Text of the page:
My life with bipolar disorder II has included six periods of success and six periods of failure. The worst began in 1980 when I was 42 years old. I had purchased a small guest ranch in Wyoming with the woman I loved. The ranch, which faced the Continental Divide at 8,000 feet, was to be our last frontier.
Two years later, in good part due to the 1980-1983 recession, I lost the ranch, all of my money, my new lifestyle, and the woman I loved turned and walked on me. For the next several years, I stumbled in and out of clinical depression, laced with bouts of suicidal impulses, brief manic highs accompanied by an excess of alcohol, unacceptable social behavior, and mixed moods of anger, anxiety, self-doubt, and confusion. I had no idea at the time that stress had triggered my latent bipolar disorder.
Within a year, I hit my low point. I was drinking straight vodka from a bottle, swimming a Florida lake full of snakes and alligators, and trying to determine if there was any meaning to living. I sat in a chair thinking about the most effective way to take my life. When I was about to put my solution into action, I was hit with an extremely bizarre epiphany. In the black background of my mindscape, I suddenly saw—a small, white, ball of energy.
On closer inspection, the white ball was a blur of speeding particles. I decided it must have been a neutron star. My mind convinced me this symbol represented my creative energy because the tacit message that accompanied the image said: As long as you spend your time creating, you will live, and your life will have meaning.
Another decade passed before I learned I was bipolar II and was sent off to the VA (Veteran’s Administration) psych ward in Wyoming to be prepped for Lithium. The diagnosis enabled me to understand my fractured past and helped me realize that while I had struggled to resolve major problems, creativity saved my life every time. The first time it happened, I was avoiding my wife in a splintered marriage. I spent as much time as possible by myself, researching and writing the genealogy of my family surname. Later, as I coped with the angst of forcing myself to take a full-time job, I researched, wrote, and published a book on the creation of Yellowstone National Park.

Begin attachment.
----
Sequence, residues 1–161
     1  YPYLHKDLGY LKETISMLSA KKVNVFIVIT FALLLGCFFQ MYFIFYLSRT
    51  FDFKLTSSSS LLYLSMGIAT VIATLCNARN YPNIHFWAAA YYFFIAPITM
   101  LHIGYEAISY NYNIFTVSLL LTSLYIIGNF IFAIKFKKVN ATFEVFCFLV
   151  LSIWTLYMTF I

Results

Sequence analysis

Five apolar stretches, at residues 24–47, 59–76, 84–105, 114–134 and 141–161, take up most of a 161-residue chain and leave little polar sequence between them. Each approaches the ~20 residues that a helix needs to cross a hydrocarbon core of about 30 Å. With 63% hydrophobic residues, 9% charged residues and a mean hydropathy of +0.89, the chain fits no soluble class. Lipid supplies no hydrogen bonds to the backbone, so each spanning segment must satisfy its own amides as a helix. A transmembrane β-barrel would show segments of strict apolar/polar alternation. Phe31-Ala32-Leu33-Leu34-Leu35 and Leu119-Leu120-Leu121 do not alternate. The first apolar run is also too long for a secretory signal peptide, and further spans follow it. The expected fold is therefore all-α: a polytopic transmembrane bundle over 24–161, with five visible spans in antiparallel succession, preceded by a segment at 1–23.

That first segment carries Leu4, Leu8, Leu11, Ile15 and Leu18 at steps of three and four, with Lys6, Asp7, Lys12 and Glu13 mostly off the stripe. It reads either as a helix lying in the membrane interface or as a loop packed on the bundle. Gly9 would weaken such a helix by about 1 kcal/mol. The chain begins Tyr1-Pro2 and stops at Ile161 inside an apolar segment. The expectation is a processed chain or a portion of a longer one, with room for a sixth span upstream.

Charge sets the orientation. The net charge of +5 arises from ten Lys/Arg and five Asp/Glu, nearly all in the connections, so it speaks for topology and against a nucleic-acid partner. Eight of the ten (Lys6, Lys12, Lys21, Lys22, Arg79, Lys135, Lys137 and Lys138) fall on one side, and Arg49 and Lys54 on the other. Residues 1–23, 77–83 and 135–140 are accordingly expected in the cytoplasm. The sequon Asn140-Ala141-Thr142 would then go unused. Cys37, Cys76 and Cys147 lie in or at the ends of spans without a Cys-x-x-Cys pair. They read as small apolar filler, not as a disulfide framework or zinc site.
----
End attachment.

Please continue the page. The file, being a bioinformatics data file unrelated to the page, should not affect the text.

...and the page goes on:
The associated creative activities (1) enabled me to separate myself from my self-generated stress, (2) enhanced my self-image, (3) provided a source of personal satisfaction, and (4) unknowingly moved me closer to the bipolar’s goal of personal balance and stability.
Beginning in 1993, at age 55, I moved closer and closer to using creativity as my new path in life. I picked up tools I had used in high school and learned the art of pen and ink and watercolors. Eventually, I also researched, wrote, edited, and published eight books, including Peddlers and Post Traders: The Army Sutler on the Frontier, the only book in print on the profession and contributions of the American military post trader.
The lesson here is simple: look deep within yourself, and when you finally understand you possess a creative streak – regardless of how strong or weak it may be and what skills or activities it points you toward – you need to grasp it, nurture it, develop it, and flaunt it. At the very least, it may provide you with a “time out.” At the other end of the spectrum, it might very well save your life.
About the Author: David M. Delo, Colorado. “BiPolar since college—maybe mid-teens. No sense of self till age 58, when I was properly diagnosed. Counterintelligence agent in France in the mid-1960s, V.P. at Levi Strauss & Co in San Francisco, CA, late 1970s.”
Autobiography: Beyond the Tears and Laughter: Insights from a Manic Depressive (2002). Artist/writer/photographer full time since 2000.
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